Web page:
As breeding season looms, flocks of greater flamingoes at Ras Al Khor Wildlife Sanctuary (RAKWS) are preening, plumping up their feathers and preparing for their annual migration towards their traditional breeding grounds to start the circle of life once more.
Yet during the summer months about half of these — about 1,500 — remain on the Dubai Creek’s wetlands, filtering brine through upside down bills, simply because, like many tourists, they enjoy visiting in this city of superlatives.
Visiting the sanctuary is the perfect day out for time-pressed families who can’t fly away to cooler climes themselves this seaon.
While content, the birds are not yet breeding here — despite attempts by the Dubai Municipality and the Wildlife Protection Office (WPO) to encourage them to do so.
It could still happen in time, says Kevin Hyland, Ecologist, Wildlife Protection Office. “We need to give them more peace and quiet — eliminate building disruption, crews of workers in brightly coloured jackets, JCBs and survey teams,” he says. “Ras Al Khor being recognised by Ramsar Convention as a wetland of international importance is fantastic, which empowers us to give these and other migratory birds safe passage.”
The Ramsar Convention, signed by the UAE in 2007, is a global intergovernmental treaty that lays out strategy for the conservation and sensible use of wetlands all over the world. “It is up to us in the UAE to do more to protect these birds. Ras Al Khor is a wintering and refuelling post for many migrating species of birds on the invisible East Asia/East Africa flyway. Its protection is of great importance for the survival of many,” says Hyland.
Hyland believes the best way to ensure RAKWS remains protected is to allow the public to understand its importance. He suggests a carefully managed visitor centre along the lines of the London Wetland Centre.
At present, Ras Al Khor is home to 270 bird species and other forms of wildlife.It also boasts various ecosystems from mangroves, mudflats, lagoons and sabkhas to reed beds and shrub lands.
All this can typically be viewed from one of two hides. Flamingo hide, off Oud Metha, and Mangrove hide, off Ras Al Khor Road, are open from 9am to 4pm for individuals or family groups, but larger groups need to apply for an entry permit on the Dubai Municipality website.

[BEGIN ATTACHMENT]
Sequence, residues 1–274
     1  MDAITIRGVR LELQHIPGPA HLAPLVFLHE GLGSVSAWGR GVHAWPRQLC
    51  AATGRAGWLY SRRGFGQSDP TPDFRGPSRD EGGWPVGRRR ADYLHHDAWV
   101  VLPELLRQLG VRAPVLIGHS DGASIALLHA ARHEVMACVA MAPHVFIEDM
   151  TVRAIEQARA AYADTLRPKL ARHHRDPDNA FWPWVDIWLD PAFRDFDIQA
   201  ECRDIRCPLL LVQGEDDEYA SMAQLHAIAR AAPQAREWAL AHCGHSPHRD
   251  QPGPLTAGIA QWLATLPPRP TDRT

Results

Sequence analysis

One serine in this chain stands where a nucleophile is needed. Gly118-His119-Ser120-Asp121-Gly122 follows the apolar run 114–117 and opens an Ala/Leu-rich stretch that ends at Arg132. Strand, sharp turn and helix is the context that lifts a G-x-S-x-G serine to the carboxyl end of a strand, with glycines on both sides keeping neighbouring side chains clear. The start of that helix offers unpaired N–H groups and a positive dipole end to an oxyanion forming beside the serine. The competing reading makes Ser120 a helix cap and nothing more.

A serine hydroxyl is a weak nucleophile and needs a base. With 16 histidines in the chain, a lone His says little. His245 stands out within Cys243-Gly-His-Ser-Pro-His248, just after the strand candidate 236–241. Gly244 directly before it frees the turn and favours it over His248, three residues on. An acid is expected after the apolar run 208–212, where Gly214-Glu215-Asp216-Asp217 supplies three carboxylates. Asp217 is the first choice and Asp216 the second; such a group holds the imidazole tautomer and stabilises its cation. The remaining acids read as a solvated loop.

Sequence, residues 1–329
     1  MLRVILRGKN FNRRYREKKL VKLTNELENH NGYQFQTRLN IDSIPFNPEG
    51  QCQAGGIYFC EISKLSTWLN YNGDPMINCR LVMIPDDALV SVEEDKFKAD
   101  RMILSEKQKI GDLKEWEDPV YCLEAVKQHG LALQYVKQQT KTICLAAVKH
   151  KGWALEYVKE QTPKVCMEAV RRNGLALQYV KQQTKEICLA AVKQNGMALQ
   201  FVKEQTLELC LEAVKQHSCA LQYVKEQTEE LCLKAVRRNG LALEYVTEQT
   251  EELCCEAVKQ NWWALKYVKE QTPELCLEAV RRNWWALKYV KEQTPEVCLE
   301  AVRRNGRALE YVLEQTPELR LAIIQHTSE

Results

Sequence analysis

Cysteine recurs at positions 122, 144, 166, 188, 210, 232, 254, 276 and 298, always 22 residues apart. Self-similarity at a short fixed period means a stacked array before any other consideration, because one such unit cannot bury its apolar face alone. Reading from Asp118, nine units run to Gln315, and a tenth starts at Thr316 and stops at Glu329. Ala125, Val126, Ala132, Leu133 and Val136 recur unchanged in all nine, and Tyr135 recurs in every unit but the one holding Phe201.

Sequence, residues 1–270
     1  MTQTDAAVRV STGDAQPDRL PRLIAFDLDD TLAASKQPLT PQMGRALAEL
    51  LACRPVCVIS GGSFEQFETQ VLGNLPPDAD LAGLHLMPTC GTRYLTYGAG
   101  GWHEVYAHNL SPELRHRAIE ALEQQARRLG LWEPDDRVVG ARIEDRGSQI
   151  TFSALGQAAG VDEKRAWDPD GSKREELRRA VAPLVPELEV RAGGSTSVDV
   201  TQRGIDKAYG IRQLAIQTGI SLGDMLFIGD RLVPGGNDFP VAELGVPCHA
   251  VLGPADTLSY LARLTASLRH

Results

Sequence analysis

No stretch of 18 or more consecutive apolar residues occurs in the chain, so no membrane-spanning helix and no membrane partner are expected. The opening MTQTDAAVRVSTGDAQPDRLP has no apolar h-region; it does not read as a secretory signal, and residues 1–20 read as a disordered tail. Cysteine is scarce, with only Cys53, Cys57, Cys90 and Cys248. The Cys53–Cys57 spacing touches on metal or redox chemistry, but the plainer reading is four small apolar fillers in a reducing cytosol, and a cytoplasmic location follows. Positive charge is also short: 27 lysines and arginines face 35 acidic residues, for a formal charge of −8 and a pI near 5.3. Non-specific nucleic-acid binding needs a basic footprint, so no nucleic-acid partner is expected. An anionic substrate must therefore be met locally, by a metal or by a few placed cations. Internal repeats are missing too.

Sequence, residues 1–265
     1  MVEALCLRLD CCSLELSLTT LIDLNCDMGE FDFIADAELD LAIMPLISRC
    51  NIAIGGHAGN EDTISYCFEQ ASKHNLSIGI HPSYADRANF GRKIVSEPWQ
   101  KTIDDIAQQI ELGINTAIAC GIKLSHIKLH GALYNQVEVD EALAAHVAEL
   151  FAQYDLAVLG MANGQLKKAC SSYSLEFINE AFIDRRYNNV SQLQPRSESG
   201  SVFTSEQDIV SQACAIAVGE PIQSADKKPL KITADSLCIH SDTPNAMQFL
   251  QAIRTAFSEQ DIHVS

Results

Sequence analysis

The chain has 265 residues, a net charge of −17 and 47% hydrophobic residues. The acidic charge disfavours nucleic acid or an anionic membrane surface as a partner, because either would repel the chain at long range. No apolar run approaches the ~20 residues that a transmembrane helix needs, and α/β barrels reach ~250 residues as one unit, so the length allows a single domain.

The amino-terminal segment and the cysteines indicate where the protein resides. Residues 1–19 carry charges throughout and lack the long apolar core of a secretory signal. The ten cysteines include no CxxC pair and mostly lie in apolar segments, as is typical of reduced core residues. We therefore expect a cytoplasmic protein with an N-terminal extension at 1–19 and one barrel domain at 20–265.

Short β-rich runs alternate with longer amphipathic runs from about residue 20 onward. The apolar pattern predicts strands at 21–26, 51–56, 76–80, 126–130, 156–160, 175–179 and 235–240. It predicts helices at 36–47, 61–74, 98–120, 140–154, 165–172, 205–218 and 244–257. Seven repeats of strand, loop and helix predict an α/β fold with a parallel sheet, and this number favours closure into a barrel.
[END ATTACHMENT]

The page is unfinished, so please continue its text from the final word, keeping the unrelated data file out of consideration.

The website also indicates that future plans include building a state-of-the-art visitor’s centre. On completion, this technologically advanced centre will easily let visitors access information and offer a closer understanding of the sanctuary’s biological diversity.
For families looking for cooler, shorter trip, the Roads and Transport Authority offers a waterbus round trip from Dubai Festival City marina every day, which can be booked at the mall.
Dr Reza Khan, Specialist, Wildlife and Zoo Management, Public Parks and Horticulture Department, Dubai Municipality, says after the stopover in Dubai some flamingoes return to where they came from — Lake Urmia (formerly Lake Rezaiyeh) in Iran, the Caspian Sea, coastal areas of Iran and central Asia and increasing numbers from coastal areas and islands off Abu Dhabi.
Hyland adds that regular flamingo visitors to Ras Al Khor included those from the Gediz Delta of the eastern Mediterranean.
Relatively few breeding sites exist worldwide. If flamingoes could be encouraged to breed in this 620-hectare sanctuary of intertidal mud flats and lagoons fringed by mangroves, the birds would have an alternative to a major breeding ground in Iran. Conditions at Lake Urmia are deteriorating rapidly as the lake’s salinity has increased, mainly due to a water shortage caused by drought and human overuse.
Dr Khan says His Highness Shaikh Mohammad Bin Rashid Al Maktoum, Vice-President and Prime Minister of the UAE and Ruler of Dubai’s office and Dubai Municipality vis-à-vis the members of the Ras Al Khor Wildlife Sanctuary Management Committee are striving to improve the habitats and birdwatching facilities to attract more birds and visitors.
The most immediate need is for simple habitat enhancement schemes, such as returning dredged fill back into the water to allow more waders access.
But as long as the UAE’s residents demonstrate their interest in the country’s wildlife, the centre will benefit. Do you need another reason to visit?
More information is available at wildlife.ae ■